mBio, 14 November 2017

Eduardo Martins Netto, Andres Moreira-Soto, Celia Pedroso, Christoph Höser, Sebastian Funk, Adam J. Kucharski, Alexandra Rockstroh, Beate M. Kümmerer, Gilmara Souza Sampaio, Estela Luz, Sara Nunes Vaz, Juarez Pereira Dias, Fernanda Anjos Bastos, Renata Cabral, Thomas Kistemann, Sebastian Ulbert, Xavier de Lamballerie, Thomas Jaenisch, Oliver J. Brady, Christian Drosten, Manoel Sarno, Carlos Brites, Jan Felix Drexler
 
Summary
During 2015 to 2016, Brazil reported more Zika virus (ZIKV) cases than any other country, yet population exposure remains unknown. Serological studies of ZIKV are hampered by cross-reactive immune responses against heterologous viruses. We conducted serosurveys for ZIKV, dengue virus (DENV), and Chikungunya virus (CHIKV) in 633 individuals prospectively sampled during 2015 to 2016, including microcephaly and non-microcephaly pregnancies, HIV-infected patients, tuberculosis patients, and university staff in Salvador in northeastern Brazil using enzyme-linked immunosorbent assays (ELISAs) and plaque reduction neutralization tests. Sera sampled retrospectively during 2013 to 2015 from 277 HIV-infected patients were used to assess the spread of ZIKV over time. Individuals were georeferenced, and sociodemographic indicators were compared between ZIKV-positive and -negative areas and areas with and without microcephaly cases. Epidemiological key parameters were modeled in a Bayesian framework. ZIKV seroprevalence increased rapidly during 2015 to 2016, reaching 63.3% by 2016 (95% confidence interval [CI], 59.4 to 66.8%), comparable to the seroprevalence of DENV (75.7%; CI, 69.4 to 81.1%) and higher than that of CHIKV (7.4%; CI, 5.6 to 9.8%). Of 19 microcephaly pregnancies, 94.7% showed ZIKV IgG antibodies, compared to 69.3% of 257 non-microcephaly pregnancies (P = 0.017). Analyses of sociodemographic data revealed a higher ZIKV burden in low socioeconomic status (SES) areas. High seroprevalence, combined with case data dynamics allowed estimates of the basic reproduction number R0 of 2.1 (CI, 1.8 to 2.5) at the onset of the outbreak and an effective reproductive number Reff of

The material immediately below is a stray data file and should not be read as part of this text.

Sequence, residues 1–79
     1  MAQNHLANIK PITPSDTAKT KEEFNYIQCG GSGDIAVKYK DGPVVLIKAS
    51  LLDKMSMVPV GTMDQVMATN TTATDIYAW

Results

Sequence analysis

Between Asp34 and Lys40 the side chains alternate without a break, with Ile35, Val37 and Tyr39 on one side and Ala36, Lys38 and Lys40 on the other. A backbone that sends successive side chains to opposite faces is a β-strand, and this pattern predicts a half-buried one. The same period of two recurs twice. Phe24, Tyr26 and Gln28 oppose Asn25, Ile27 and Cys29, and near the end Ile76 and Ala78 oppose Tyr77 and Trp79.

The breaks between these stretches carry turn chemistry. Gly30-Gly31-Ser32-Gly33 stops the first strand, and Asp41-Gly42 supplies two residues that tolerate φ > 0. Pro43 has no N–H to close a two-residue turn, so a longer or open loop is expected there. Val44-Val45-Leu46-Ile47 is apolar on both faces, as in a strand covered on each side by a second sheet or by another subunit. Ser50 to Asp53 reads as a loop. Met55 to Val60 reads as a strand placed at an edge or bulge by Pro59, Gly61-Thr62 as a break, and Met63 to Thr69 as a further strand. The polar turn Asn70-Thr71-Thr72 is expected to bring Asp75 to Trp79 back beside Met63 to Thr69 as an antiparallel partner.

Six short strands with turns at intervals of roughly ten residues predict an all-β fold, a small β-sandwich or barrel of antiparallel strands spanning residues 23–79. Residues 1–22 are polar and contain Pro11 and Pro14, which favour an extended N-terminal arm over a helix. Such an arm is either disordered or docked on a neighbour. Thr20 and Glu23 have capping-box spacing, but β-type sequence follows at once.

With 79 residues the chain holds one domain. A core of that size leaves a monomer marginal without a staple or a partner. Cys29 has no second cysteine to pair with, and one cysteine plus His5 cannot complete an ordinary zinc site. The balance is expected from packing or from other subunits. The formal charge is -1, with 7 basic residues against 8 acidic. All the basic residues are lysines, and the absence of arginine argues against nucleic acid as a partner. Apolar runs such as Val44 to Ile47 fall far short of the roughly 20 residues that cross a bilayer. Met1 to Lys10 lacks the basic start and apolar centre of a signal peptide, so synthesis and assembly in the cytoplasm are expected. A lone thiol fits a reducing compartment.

http://mbio.asm.org/content/8/6/e01390-17

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